• A lack of charity really goes hand in hand with the above: I have heard, many times and from people in many walks of life, that anyone ought to be able to improve their lives, that other people shouldn’t have to take up the slack when people won’t “do” for themselves. But they forget, I think, that a) not everyone has the same health/strength levels; b) even in the most hard-working/successful lives sometimes things “just work out” or they are lucky… and sometimes they don’t; c) most successful people can point to someone in their past who supported them financially or otherwise to get them over rough spots; and d) it is no longer possible for many people to support themselves on their own land — most people now live in cities and hold title to neither their living spaces nor the means to be industrious. We do not all start out with the means and the ability to improve our lives without assistance. Gardening is nearly impossible without a bit of soil and the right exposure: a devoted adult in an apartment without a balcony cannot grow the same varieties and abundance as a child with muddy feet in the middle of half an acre.
  • Laughter. People take themselves too damn seriously. What is wrong with cracking a good-natured joke now and then? Laughing at a pun? Being silly in public? Our children don’t see us playing, joking around, enjoying life. Maybe they should. My garden plays its own tricks on me, sending up potatoes underneath the tomatoes though it was years since I grew taters there… and not producing potatoes at all in the proper bed! If we are too insistent on having everything “just so” and only doing things that are serious, we miss
  • The next two items are new, 28 February 2016
  • Responsibility. It is difficult to “adult” — a new concept that has been floating around the social media world. I go to school almost every day, even when I am ill — I have had only a couple of sick days in the two years I have been at my current assignment, one for my son’s emergency hand surgery, two this year for an asthma attack and the flu. Might need another one this week (tomorrow) for a virus that I seem to have acquired, but if it feels like “only” a cold of course I will go in! This is in contrast to people who don’t have sick leave and so must go in to work or lose their jobs (at best, they lose the pay for the days they don’t show up). This is in contrast to people who find ways to claim what is called “workmen’s comp” when they might otherwise be able to work. I have the option when I am ill to stay home, but out of responsibility for these precious children I teach I go in unless driving is unsafe or I am contagious! A cold virus… one that I caught at school? I go in!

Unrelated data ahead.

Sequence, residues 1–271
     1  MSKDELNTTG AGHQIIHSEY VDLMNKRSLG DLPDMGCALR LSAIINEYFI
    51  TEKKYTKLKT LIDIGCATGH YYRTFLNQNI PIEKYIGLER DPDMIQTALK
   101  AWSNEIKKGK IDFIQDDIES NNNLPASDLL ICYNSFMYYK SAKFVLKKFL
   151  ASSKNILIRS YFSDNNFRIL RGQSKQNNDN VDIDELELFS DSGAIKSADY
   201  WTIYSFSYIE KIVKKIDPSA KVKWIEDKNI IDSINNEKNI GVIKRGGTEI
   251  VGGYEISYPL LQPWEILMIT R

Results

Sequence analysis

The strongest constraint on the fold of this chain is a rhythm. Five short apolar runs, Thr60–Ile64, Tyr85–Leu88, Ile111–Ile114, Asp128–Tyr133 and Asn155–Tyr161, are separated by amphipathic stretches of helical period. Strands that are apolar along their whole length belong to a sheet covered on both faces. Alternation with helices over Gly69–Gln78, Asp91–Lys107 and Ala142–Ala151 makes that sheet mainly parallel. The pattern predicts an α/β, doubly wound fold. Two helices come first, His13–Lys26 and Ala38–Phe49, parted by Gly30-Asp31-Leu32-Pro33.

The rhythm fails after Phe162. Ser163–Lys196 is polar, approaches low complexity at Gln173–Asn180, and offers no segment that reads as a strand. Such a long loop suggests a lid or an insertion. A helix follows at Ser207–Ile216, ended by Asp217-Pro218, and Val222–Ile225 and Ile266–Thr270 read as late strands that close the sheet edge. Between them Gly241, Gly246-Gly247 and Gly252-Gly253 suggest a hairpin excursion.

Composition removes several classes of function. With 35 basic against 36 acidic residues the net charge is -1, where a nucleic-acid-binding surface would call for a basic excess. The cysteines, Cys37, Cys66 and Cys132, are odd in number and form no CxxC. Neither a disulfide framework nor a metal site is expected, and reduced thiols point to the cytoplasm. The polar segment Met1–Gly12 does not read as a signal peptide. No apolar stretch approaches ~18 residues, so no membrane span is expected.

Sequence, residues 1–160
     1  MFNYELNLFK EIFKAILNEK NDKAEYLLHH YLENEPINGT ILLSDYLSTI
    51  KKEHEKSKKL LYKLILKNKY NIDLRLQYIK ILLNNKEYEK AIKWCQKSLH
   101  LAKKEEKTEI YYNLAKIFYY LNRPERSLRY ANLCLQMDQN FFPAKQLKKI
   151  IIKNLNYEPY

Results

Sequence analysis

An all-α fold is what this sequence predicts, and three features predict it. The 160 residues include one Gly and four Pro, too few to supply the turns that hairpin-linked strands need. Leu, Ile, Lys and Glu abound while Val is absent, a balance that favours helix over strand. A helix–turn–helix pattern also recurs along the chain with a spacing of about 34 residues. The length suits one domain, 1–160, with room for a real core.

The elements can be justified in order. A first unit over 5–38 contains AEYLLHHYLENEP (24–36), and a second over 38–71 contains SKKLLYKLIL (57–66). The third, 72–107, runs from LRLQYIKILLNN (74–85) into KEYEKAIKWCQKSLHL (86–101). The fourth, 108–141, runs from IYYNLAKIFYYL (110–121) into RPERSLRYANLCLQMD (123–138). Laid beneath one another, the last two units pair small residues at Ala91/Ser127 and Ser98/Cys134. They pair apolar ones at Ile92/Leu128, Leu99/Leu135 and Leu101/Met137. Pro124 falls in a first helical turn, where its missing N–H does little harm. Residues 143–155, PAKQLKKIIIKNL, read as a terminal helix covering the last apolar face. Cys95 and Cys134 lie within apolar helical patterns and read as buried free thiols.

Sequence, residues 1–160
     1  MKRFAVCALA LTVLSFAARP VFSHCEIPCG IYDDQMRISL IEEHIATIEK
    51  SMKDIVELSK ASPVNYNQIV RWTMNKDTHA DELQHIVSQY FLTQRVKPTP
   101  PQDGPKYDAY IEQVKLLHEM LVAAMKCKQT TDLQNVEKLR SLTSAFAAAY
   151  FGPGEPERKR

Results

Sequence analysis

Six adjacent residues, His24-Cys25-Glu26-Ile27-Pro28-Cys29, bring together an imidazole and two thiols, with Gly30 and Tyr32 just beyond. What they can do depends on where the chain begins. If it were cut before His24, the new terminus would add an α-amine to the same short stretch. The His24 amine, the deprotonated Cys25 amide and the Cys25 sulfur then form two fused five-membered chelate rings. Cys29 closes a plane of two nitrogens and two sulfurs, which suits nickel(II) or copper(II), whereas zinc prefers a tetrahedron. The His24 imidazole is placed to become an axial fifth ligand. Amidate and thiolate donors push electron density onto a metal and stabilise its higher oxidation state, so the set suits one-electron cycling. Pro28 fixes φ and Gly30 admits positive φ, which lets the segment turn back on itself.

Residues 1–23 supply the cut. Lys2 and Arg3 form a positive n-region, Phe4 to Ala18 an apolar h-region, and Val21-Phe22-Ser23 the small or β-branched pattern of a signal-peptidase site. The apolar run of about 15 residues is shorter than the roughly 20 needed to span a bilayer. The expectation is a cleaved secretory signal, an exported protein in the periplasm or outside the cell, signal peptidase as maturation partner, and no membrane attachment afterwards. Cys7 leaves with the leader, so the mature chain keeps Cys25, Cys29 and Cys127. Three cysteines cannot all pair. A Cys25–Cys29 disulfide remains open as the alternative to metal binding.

• Diversity. One could call this openness to the beauty of the differences between people and groups. As I write this, it is an election year. The outgoing president, Barack Obama, has been the first truly “minority” president of our nation. The son of an immigrant and a native-born American mother, born in what would become the state of Hawaii, he also lived outside the U.S. as a child when his mother married a new husband who came from Indonesia. He married a remarkable woman, the child of working-class parents. He and his wife both graduated from college, going on the recieve degrees in law. An amazing, wonderful example of what hard work (and some luck) can do for people in this amazing nation that is based on the rights of all to “life, liberty and the pursuit of happiness.” A land where a Bill of Rights further enumerates Freedom of Speech, of Religion and of the Press, among others. No test of faith/belief may be applied to candidates or those elected to public office (which includes teachers…). No natural born citizen may be denied their rights on the basis of anything other than a conviction. And so on.
       
    However, this year… several candidates for the presidency are doing solid imitations of Hitler in the decade or so preceeding Kristallnacht. Rhetoric is flowing freely about people who are adherents of Islam; people who come from specific nationalities; people who are different. And I ask myself: what ever happened to the idea that our nation is strong because of (rather than in spite of) the great diversity of experiences that leads to wide-ranging ideas that lead to innovations and a better world? A nation that begins to criminalize existence rather than actions is on the path to genocide. We need courage to embrace, rather than reject, our neighbors and their families. We have survived segregation, interning families in camps based on their ancestry, and hysterically denying employment to people based on (their constitutionally guaranteed right to) political opinions/affiliations and sexual history. We cannot forget these lessons.